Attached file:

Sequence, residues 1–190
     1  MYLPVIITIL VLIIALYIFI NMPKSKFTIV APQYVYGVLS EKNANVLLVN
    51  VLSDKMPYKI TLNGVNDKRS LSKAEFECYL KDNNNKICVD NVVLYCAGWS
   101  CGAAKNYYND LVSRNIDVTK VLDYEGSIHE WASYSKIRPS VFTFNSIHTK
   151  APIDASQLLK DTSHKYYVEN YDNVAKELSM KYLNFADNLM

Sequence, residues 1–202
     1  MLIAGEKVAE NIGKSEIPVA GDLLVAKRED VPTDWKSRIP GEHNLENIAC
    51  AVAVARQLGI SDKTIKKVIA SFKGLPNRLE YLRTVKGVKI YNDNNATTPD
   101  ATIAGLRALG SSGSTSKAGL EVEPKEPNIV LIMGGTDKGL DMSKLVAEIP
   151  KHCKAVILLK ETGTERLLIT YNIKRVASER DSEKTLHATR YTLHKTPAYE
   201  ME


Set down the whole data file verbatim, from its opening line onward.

Sequence, residues 1–190
     1  MYLPVIITIL VLIIALYIFI NMPKSKFTIV APQYVYGVLS EKNANVLLVN
    51  VLSDKMPYKI TLNGVNDKRS LSKAEFECYL KDNNNKICVD NVVLYCAGWS
   101  CGAAKNYYND LVSRNIDVTK VLDYEGSIHE WASYSKIRPS VFTFNSIHTK
   151  APIDASQLLK DTSHKYYVEN YDNVAKELSM KYLNFADNLM

Sequence, residues 1–202
     1  MLIAGEKVAE NIGKSEIPVA GDLLVAKRED VPTDWKSRIP GEHNLENIAC
    51  AVAVARQLGI SDKTIKKVIA SFKGLPNRLE YLRTVKGVKI YNDNNATTPD
   101  ATIAGLRALG SSGSTSKAGL EVEPKEPNIV LIMGGTDKGL DMSKLVAEIP
   151  KHCKAVILLK ETGTERLLIT YNIKRVASER DSEKTLHATR YTLHKTPAYE
   201  ME